3 |

MATH-702 | Numerical Analysis II This course covers the solutions of initial value problems and boundary value problems, spectral techniques, simulation methods, optimization and techniques employed in modern scientific computing. (Prerequisite: MATH-602 or equivalent course.) Lecture 3 (Spring). |
3 |

MATH-761 | Mathematical Biology This course introduces areas of biological sciences in which mathematics can be used to capture essential interactions within a system. Different modeling approaches to various biological and physiological phenomena are developed (e.g., population and cell growth, spread of disease, epidemiology, biological fluid dynamics, nutrient transport, biochemical reactions, tumor growth, genetics). The emphasis is on the use of mathematics to unify related concepts. (Graduate Science) Lecture 3 (Fall). |
3 |

#### Discrete Mathematics

Course | Sem. Cr. Hrs. | |
---|---|---|

CSCI-665 | Foundations of Algorithms This course provides an introduction to the design and analysis of algorithms. It covers a variety of classical algorithms and their complexity and will equip students with the intellectual tools to design, analyze, implement, and evaluate their own algorithms. Note: students who take CSCI-261 or CSCI-264 may not take CSCI-665 for credit. (Prerequisites: (CSCI-603 and CSCI-605 and CSCI-661 with grades of B or better) or ((CSCI-243 or SWEN-262) and (CSCI-262 or CSCI-263)) or equivalent courses. This course is restricted to COMPSCI-MS, COMPSCI-BS/MS, or COMPIS-PHD students.) Lec/Lab 3 (Fall, Spring). |
3 |

MATH-645 | Graph Theory This course introduces the fundamental concepts of graph theory. Topics to be studied include graph isomorphism, trees, network flows, connectivity in graphs, matchings, graph colorings, and planar graphs. Applications such as traffic routing and scheduling problems will be considered. (This course is restricted to students with graduate standing in the College of Science or Graduate Computing and Information Sciences.) Lecture 3 (Fall). |
3 |

MATH-646 | Combinatorics This course introduces the fundamental concepts of combinatorics. Topics to be studied include counting techniques, binomial coefficients, generating functions, partitions, the inclusion-exclusion principle and partition theory. (This course is restricted to students in the ACMTH-MS or MATHML-PHD programs.) Lecture 3 (Spring). |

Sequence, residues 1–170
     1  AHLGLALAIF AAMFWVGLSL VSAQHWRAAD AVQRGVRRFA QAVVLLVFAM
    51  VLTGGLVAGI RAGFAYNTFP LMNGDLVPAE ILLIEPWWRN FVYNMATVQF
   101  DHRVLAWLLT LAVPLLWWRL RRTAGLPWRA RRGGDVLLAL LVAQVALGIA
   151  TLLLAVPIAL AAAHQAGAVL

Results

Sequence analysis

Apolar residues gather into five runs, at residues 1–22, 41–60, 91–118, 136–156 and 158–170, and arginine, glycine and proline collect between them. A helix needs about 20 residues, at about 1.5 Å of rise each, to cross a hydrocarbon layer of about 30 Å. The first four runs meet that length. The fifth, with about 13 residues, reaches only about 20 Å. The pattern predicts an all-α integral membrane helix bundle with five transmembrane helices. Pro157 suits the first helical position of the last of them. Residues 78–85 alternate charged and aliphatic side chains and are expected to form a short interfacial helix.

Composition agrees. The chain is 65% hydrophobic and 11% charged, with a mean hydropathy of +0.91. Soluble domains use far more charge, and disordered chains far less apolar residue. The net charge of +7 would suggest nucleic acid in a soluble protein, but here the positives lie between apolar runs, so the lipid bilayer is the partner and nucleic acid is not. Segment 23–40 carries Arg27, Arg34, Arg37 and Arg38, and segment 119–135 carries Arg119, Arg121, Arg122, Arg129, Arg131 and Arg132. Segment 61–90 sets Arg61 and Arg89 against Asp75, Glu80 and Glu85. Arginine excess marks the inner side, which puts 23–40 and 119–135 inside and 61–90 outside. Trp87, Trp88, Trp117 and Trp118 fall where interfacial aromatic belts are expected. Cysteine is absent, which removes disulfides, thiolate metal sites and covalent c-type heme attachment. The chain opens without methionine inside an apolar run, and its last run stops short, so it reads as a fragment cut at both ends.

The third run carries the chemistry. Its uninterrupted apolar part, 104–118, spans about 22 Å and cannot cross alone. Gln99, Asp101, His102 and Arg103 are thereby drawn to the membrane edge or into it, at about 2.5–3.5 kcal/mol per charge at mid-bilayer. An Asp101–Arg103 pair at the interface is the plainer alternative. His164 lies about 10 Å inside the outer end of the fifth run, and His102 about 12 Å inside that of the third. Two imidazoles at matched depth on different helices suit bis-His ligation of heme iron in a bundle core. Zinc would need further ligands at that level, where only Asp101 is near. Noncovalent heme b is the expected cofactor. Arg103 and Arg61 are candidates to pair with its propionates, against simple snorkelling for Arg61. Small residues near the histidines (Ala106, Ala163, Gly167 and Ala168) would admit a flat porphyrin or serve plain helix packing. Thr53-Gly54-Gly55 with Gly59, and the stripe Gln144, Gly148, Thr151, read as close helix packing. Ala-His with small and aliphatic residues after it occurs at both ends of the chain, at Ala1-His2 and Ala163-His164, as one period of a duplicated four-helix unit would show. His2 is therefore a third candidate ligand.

3 |

#### Dynamical Systems and Fluid Dynamics

Course | Sem. Cr. Hrs. | |
---|---|---|

MATH-631 | Dynamical Systems This course is a study of dynamical systems theory. Basic definitions of dynamical systems are followed by a study of maps and time series. Stability theory of solutions of differential equations is studied. Asymptotic behavior of solutions is investigated through limit sets, attractors, Poincaré–Bendixson theory, and index theory. The notion of local bifurcation is introduced and investigated. Chaotic systems are studied. (Prerequisites: (MATH-231 and (MATH 241 or MATH-241H)) or equivalent courses or graduate standing in ACMTH-MS or MATHML-PHD programs.) Lecture 3 (Fall). |
3 |

MATH-741 | Partial Differential Equations I This course uses methods of applied mathematics in the solution of problems in physics and engineering. Models such as heat flow and vibrating strings will be formulated from physical principles. Characteristics methods, maximum principles, Green's functions, D'Alembert formulas, weak solutions and distributions will be studied. (Prerequisites: MATH-231 or equivalent course or graduate student standing in ACMTH-MS or MATHML-PHD programs.) Lecture 3 (Spring). |